We all know we should stretch, but far too many of us overlook this and choose to get on with the 'fun stuff' instead – the exercise or the sports or the free running. Perhaps though part of the problem is that we are not educated quite enough on the reasons we should be stretching – and perhaps a full list of all the reasons we should be doing it could help encourage us to be more vigilant. Here we will look at a selection of the reasons it's important to stretch.
It Improves Muscle Development
If you're doing a workout with the hope of building muscle then stretching is very important as it enables you to move through the full range of movement. This then results in your building full and long muscles instead of them becoming stunted and short.
It Increases Range of Motion
Not only does stretching increase the range of motion for someone lifting weights while they're doing it, it also helps to increase range of motion and flexibility in general. This then means that you will be more likely to perform things such as the splits or high kicks. It's highly useful in a range of different athletic and sporting events and many athletes practice stretching for this reason.
It Reduces Injury
Stretching reduces the chance of injury by gradually elongating the muscle. If you're more flexible then that will mean that you don't pull or tear a muscle if you are to slip or trip as your body is capable of reaching that position. In the short term it also helps to limber up the muscle and tendon and thereby prevent a pulled muscle or tendon.
It Warms You Up
Stretching can be used as a way to warm up the muscles and it will encourage the flow of blood. This then provides the muscles with an oxygen supply as well as nutrients in order to help them to keep going.
It Improve Posture
Stretching can also help you to improve your posture and particularly stretching the back. It may also be useful for alleviating pain and this is why it is commonly used as a part of yoga and Pilates.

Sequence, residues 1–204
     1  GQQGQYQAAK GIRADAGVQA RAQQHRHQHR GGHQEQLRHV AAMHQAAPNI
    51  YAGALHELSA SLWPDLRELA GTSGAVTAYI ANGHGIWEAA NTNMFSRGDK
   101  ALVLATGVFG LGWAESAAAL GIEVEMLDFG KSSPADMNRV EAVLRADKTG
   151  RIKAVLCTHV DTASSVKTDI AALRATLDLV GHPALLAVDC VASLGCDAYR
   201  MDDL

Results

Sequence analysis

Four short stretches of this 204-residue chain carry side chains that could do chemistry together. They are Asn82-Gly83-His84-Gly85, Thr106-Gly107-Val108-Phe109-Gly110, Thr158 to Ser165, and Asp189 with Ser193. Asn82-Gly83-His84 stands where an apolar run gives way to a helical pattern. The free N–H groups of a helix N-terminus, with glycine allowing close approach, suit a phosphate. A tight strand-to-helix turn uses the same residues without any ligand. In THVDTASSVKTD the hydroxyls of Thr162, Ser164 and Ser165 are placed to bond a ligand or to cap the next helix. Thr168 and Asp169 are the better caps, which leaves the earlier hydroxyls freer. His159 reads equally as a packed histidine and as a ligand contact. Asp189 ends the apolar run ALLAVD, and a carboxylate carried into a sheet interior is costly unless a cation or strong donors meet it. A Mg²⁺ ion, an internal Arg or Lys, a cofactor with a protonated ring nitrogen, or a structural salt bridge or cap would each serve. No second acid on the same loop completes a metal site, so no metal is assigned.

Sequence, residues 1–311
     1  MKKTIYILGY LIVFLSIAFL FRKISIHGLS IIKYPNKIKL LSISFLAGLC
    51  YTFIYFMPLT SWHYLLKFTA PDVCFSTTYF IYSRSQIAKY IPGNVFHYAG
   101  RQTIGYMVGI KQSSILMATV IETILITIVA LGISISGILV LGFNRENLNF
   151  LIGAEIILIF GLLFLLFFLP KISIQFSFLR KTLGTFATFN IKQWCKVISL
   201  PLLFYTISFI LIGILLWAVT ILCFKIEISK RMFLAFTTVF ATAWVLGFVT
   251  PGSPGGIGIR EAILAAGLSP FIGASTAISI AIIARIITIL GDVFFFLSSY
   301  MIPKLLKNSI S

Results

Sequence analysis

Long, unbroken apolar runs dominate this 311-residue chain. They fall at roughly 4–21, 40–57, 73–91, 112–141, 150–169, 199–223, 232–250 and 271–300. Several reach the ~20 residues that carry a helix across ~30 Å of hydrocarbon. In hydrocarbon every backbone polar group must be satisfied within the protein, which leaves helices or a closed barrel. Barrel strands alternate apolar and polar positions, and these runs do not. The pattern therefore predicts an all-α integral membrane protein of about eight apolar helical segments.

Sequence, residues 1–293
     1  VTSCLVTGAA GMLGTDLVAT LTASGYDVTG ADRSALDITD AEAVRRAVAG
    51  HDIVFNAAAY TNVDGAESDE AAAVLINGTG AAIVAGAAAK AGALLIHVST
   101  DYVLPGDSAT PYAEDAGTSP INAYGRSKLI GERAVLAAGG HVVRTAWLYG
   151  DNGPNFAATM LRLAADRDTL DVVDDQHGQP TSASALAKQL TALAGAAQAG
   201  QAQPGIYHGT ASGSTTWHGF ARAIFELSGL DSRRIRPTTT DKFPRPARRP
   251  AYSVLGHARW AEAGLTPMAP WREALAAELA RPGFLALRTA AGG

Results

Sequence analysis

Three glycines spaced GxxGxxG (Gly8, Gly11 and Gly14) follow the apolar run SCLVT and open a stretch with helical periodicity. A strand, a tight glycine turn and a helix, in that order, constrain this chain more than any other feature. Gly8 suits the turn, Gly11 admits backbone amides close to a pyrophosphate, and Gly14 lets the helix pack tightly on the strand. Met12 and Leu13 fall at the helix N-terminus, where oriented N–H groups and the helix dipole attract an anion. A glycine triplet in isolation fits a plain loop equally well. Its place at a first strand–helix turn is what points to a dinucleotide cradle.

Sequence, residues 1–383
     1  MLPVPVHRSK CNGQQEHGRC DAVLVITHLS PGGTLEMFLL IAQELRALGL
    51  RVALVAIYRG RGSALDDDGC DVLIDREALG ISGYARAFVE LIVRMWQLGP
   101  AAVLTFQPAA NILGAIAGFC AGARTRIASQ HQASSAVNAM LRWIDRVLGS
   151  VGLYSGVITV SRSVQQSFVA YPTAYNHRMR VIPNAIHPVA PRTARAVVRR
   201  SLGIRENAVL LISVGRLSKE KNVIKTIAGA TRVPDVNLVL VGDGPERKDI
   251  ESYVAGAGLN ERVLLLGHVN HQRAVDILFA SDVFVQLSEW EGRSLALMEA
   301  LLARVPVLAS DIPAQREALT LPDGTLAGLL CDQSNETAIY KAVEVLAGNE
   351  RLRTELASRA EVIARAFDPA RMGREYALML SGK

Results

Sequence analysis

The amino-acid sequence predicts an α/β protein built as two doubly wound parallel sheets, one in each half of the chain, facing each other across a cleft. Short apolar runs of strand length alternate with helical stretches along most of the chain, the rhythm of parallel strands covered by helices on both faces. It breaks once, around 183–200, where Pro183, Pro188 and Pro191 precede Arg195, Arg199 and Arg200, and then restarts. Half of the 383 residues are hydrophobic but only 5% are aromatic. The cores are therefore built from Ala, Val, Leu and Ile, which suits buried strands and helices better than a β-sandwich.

Drawbacks of Stretching
Despite all of its touted benefits however and statistics such as '50% of sports injuries could have been prevented with stretching' – stretching does have its limits. For instance it is widely believed that stretching can help to prevent delayed onset muscle soreness (the 'burn' you get the next day after working out or strenuous muscle activity). Thus many athletes and bodybuilders will stretch following a gym session under the belief that it will prevent them from developing pain – however this is in fact incorrect and it will have no positive (or negative) impact on this pain.
Likewise it is important to recognize that everything needs to be moderated – and too much stretching can be a bad thing. Some sports for instance such as sprinting may actually benefit from the increased elasticity that comes from not stretching too much. Further over-stretching to the point where it causes pain can actually damage joints and muscle thereby hampering performance both in the long term and the short term.
At the same time further studies have shed doubt on whether or not stretching can prevent injury for runners at all – and in one recent survey of 2,729 runners there was found to be no significant benefit of stretching before running. Further – it has been suggested that during the process of stretching the athlete only learns to ignore and overcome the pain associated with stretching rather – which could in fact lead to injury. It was noted however that those who already do stretch should not stop stretching or they might then cause injury.
So the jury is out – and it may well be that stretching isn't quite the crucial crux of an athlete's pre-game that we thought it was. However that said it still has many other benefits in terms of muscle development, posture and flexibility and conventional wisdom still says it's a good idea. You have all the information – so now it's time to find out what works best for you.